UPDATE December, 2014:
It seems this page has been picked up on several other websites. Some people have had questions and concerns about the purpose and use of this setup.
This setup was planned for use in a small backyard when we lived in a townhouse. The intention never was to have the chickens confined under the beehive. It was a “coop”, like any other coop they go there to lay and to sleep. The front is a large door that would be left open during the day, during which time the chickens would be free-ranging in the garden.
We used these in this setup for a few months before moving to our current home on 11+ acres. When we did use this setup we had none of the problems any of the “experts” are claiming we would have endured. The chickens did not ever get stung and the bees were never irritated by the chickens. You can read about having chickens and bees in close proximity on this post. The hens were very happy going into the coop area. Since the area was so small, it was very easy to keep clean by removing manure and having fresh shavings put down. There was never an issue with dust of any kind going near the honey. So if you are space confined and want to make the most use of what you have, then this setup is an excellent option!
A bee hive chicken coop?! You probably think I’m joking, right?
If you recall our last post about the benefits of raising chickens, we were inspired by the idea of chicken tractors. Since we didn’t want to give up any more yard space from our gardening, we already had these wonderful top bar barrel bee hives built, and the space under the hives was about the same area as some of the chicken tractors we’d seen, that they’d make a perfect area for our own chickens.
We spent some time searching online to see if anyone had ever had problems keeping chickens and bees in close proximity. While we could not find anything in the proximity we were wanting, we did not find anything that suggested there would be a problem. We attended our local beekeeping club and talked to several people who had bees and chickens, explained our idea, and received skeptical but positive responses. With this lack of show stoppers we decided to press forward, worse case we could always sell or give away our chicks to some of our new friends from the beekeeping club!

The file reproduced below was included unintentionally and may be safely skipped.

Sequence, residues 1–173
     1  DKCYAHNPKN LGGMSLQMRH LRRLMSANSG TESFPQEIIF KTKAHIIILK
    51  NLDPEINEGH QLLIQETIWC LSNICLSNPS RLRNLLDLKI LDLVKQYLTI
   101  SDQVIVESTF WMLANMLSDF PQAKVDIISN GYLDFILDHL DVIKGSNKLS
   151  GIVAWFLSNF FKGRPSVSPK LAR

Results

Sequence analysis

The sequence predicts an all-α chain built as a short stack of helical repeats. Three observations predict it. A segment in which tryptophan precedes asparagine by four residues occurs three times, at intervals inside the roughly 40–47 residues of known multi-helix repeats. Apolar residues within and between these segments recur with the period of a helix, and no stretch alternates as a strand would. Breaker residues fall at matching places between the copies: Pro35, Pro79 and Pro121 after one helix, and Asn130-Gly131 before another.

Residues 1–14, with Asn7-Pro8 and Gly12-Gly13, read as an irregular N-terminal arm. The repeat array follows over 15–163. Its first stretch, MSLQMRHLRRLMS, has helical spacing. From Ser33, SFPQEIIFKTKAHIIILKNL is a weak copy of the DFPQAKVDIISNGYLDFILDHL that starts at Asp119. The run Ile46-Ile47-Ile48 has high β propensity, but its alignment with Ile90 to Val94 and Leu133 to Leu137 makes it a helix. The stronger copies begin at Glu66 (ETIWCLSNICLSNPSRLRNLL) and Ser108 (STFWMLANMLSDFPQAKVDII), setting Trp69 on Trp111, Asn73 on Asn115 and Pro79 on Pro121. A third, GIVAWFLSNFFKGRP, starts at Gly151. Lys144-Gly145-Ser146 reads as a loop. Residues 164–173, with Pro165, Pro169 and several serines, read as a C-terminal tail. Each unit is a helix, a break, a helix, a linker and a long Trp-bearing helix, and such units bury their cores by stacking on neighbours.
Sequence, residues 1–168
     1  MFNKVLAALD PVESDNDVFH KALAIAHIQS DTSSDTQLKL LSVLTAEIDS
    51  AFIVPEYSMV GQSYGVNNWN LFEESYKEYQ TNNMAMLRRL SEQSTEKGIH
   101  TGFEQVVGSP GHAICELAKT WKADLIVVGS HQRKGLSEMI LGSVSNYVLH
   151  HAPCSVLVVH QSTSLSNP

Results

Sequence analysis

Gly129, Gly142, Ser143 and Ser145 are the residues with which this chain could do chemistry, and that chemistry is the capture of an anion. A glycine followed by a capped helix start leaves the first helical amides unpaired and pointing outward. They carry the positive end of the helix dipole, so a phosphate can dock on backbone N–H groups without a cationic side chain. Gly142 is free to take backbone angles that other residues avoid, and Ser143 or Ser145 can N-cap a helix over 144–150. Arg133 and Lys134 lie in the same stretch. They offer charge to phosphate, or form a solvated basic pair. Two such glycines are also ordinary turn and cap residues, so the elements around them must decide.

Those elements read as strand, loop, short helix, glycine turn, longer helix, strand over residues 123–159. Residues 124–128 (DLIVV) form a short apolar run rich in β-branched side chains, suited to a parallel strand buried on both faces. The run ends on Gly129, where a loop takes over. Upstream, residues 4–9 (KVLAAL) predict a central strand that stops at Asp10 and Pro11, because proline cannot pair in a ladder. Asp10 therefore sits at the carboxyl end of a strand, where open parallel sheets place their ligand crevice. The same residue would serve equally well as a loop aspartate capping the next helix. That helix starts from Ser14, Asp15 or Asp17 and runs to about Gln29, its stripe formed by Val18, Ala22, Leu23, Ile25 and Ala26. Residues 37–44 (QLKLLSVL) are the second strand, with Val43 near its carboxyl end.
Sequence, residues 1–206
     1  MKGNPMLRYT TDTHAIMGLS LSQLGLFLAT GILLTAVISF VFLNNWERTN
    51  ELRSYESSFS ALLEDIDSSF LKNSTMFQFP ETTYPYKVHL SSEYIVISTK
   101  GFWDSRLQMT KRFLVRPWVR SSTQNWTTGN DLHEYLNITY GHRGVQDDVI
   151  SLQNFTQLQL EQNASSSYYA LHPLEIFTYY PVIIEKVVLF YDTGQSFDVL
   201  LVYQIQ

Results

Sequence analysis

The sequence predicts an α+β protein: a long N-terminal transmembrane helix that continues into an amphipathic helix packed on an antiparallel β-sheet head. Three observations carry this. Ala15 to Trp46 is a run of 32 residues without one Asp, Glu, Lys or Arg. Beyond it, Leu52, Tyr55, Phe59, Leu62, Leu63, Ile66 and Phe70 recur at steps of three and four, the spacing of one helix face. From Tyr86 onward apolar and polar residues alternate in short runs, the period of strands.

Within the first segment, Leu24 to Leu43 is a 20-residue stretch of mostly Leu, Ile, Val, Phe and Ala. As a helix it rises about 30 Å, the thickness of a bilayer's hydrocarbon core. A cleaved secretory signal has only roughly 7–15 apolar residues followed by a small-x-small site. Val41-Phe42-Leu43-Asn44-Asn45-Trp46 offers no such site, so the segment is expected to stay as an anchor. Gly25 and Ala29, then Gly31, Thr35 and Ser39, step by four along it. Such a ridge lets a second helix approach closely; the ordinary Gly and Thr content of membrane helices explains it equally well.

Unlike the hives, we could not find any plans or pictures online of a top bar barrel bee hive chicken coop (TBHCC). So for this project we were completely on our own to come up with plans and execute the assembly. We looked at lots of different chicken tractor designs and full coops online to get some inspiration and decided to settle on a basic mini coop design.
Our goal was to have an area large enough for two to three hens with a single brood box for the active layer and a full length roost that all two or three hens could sit on. We also wanted to have a large opening so that we could easily clean out the coop and extract the manure to go into our compost pile and/or garden.
To start out we built out a frame around the base of the hives. The reason for this was to have a level frame, have attachment points for the main door and brood box door, and have a secure base to keep creatures that would bother the chickens out.
For the brood box we wanted to have it just big enough for the chickens to lay their eggs but not too large that they would get comfortable and sleep in there. Some websites we read said a 12x12x9 (inches) area was optimal so the chickens would lay their eggs but not sit in there too long. So we divided the frame with another 1×2 piece on each side.
We had some extra flooring laying around so decided to give the base of the brood box some additional covering to aid in cleaning. Just used some staples from the staple gun to attach it. If it gets too dirty and does not work out we can easily rip it out and replace it or do something else with it.
To give the hens a little more protection from the elements we decided to put a cover on all sides of the hive/coop except for a section on the inside allow the hens to jump in and out of the box.
We also added a little lip on the brood boxes so that the nesting material we would add would stay in and help keep the eggs from rolling out.
The roost we created from a dowel that we attached to the divider support and side cross piece.
We attached the doors using some basic hinges and locking eye-hooks. The doors open away from each other with both locks on the middle divider. You can see that the main door covers the entire height of the coop area so we maximize our access for maintenance.
The last step was to staple the remaining hardware cloth to the rest of the hives. We did a final checkout with our two dogs just to make sure it was a good home that our future chickens would like :)!
What do you think about our design? I have lots more pictures so if you have any questions or would like to see more please post a comment!